Setup DNS Server using Bind 9 on CentOS 7


BIND is open source software that implements the Domain Name System (DNS) protocols for the Internet which provides ability to perform name to ip conversion. The name BIND stands for “Berkeley Internet Name Domain”, because the software originated in the early 1980s at the University of California at Berkeley. BIND is by far the most widely used DNS software on the Internet, providing a robust and stable platform on top of which organizations can build distributed computing systems with the knowledge that those systems are fully compliant with published DNS standards.



  1. Updated minimal working CentOS 7 Server with root credentials,
  2. Setup its FQDN,
  3. Configure required Basic Networking Setup that connects to the Internet.

DNS Server Details:

Operating System     : CentOS 7 minimal server
Hostname             :
IP Address           :

Installing BIND9 on CentOS 7

BIND package can directly be installed using the ‘yum’ command.

# yum install bind bind-utils -y

1. Configure DNS Server

Edit ‘/etc/named.conf’ file.

# vi /etc/named.conf

Add the lines as shown in bold:

 // named.conf
 // Provided by Red Hat bind package to configure the ISC BIND named(8) DNS
 // server as a caching only nameserver (as a localhost DNS resolver only).
 // See /usr/share/doc/bind*/sample/ for example named configuration files.
 // See the BIND Administrator's Reference Manual (ARM) for details about the
 // configuration located in /usr/share/doc/bind-{version}/Bv9ARM.htmloptions {
 listen-on port 53 {;; }; ### Master DNS IP ###
 #  listen-on-v6 port 53 { ::1; };
 directory     "/var/named";
 dump-file     "/var/named/data/cache_dump.db";
 statistics-file "/var/named/data/named_stats.txt";
 memstatistics-file "/var/named/data/named_mem_stats.txt";
 allow-query     { localhost;; };           ### Define IP Range ###
 allow-transfer{; localhost;; };       ### Slave DNS IP ###
 forwarders {;; };       # Forwards DNS quries to Google DNS Server #
- If you are building an AUTHORITATIVE DNS server, do NOT enable recursion.
- If you are building a RECURSIVE (caching) DNS server, you need to enable
- If your recursive DNS server has a public IP address, you MUST enable access
control to limit queries to your legitimate users. Failing to do so will
cause your server to become part of large scale DNS amplification
attacks. Implementing BCP38 within your network would greatly
reduce such attack surface
recursion yes;

dnssec-enable yes;
dnssec-validation yes;

/* Path to ISC DLV key */
bindkeys-file "/etc/named.iscdlv.key";

managed-keys-directory "/var/named/dynamic";

pid-file "/run/named/";
session-keyfile "/run/named/session.key";

logging {
channel default_debug {
file "data/";
severity dynamic;

zone "." IN {
type hint;
file "";

zone "" IN {
        type master;
        file "";

include "/etc/named.rfc1912.zones";
include "/etc/named.root.key";

2. Create Zone files

# vi /var/named/

Add the following lines:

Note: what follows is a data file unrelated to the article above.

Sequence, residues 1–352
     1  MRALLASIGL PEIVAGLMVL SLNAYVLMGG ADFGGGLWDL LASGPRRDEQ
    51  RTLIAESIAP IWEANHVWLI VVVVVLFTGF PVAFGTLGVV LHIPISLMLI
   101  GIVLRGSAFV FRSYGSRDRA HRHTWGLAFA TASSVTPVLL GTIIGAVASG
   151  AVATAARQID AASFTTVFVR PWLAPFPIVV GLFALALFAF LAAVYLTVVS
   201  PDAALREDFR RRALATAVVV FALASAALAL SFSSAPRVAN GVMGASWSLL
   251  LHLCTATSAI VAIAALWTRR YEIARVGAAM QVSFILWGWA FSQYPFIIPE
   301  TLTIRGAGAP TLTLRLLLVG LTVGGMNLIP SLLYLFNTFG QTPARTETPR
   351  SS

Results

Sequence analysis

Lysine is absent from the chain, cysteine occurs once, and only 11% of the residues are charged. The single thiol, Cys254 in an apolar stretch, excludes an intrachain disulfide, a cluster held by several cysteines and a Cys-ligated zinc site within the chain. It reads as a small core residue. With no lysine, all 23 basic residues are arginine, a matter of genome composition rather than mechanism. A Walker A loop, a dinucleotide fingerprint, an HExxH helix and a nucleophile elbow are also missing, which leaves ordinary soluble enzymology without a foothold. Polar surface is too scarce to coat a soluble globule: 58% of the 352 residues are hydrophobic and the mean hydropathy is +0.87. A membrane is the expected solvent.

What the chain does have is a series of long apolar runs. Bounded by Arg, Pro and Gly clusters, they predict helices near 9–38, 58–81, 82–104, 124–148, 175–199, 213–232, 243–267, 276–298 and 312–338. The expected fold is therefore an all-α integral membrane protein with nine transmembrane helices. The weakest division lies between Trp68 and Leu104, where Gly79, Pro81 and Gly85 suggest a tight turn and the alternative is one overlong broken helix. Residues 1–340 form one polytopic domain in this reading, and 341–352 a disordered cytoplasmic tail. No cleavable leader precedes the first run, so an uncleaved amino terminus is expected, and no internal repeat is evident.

$TTL    86400
 @               IN SOA  @       root (
                                42              ; serial (d. adams)
                                3H              ; refresh
                                15M             ; retry
                                1W              ; expiry
                                1D )            ; minimum
                            IN NS           @
                            IN A  
 www1                       IN A  
 www                        IN A  
 test                       IN A  
 nepalisupport              IN A  

3. Start the DNS service

Enable and start DNS service:

# systemctl enable named
# systemctl start named

4. Firewall Configuration

We must allow the DNS service default port 53 through firewall.

# firewall-cmd --permanent --add-port=53/tcp
# firewall-cmd --permanent --add-port=53/udp

5. Restart Firewall

# firewall-cmd --reload

6. Configuring Permissions, Ownership, and SELinux

Run the following commands one by one:

# chgrp named -R /var/named
# chown -v root:named /etc/named.conf restorecon -rv /var/named restorecon /etc/named.conf

7. Test DNS configuration and zone files for any syntax errors

Check DNS default configuration file:

# named-checkconf /etc/named.conf

If it returns nothing, your configuration file is valid.

Check Forward zone:

# named-checkzone local /var/named/

Sample output:

zone local/IN: loaded serial 2011071001

Now add the DNS Server details in your network interface config file.

# vi /etc/sysconfig/network-scripts/ifcfg-enp0s3

Edit file /etc/resolv.conf,

# vi /etc/resolv.conf

Add the name server ip address:


Save and close the file.

Restart network service:

# systemctl restart network

8. Test DNS Server

# dig

Sample Output:

; <<>> DiG 9.9.4-RedHat-9.9.4-14.el7 <<>> masterdns.local
;; global options: +cmd
;; Got answer:
;; ->>HEADER<
# nslookup

Sample Output:



Client Side Configuration

If Client has a Linux Operating System,

Add the DNS server details in ‘/etc/resolv.conf’ file in all client systems

# vi /etc/resolv.conf

Restart network service or reboot the system.

Test DNS Server

Now, you can test the DNS server using any one of the following commands:

# dig

If Client has a Windows Operating System,

Add DNS server details in ipv4 Network settings and browse in the address bar.

That’s it. Now you have successfully configured a DNS Server on your CentOS 7 Machine.

Thank you.

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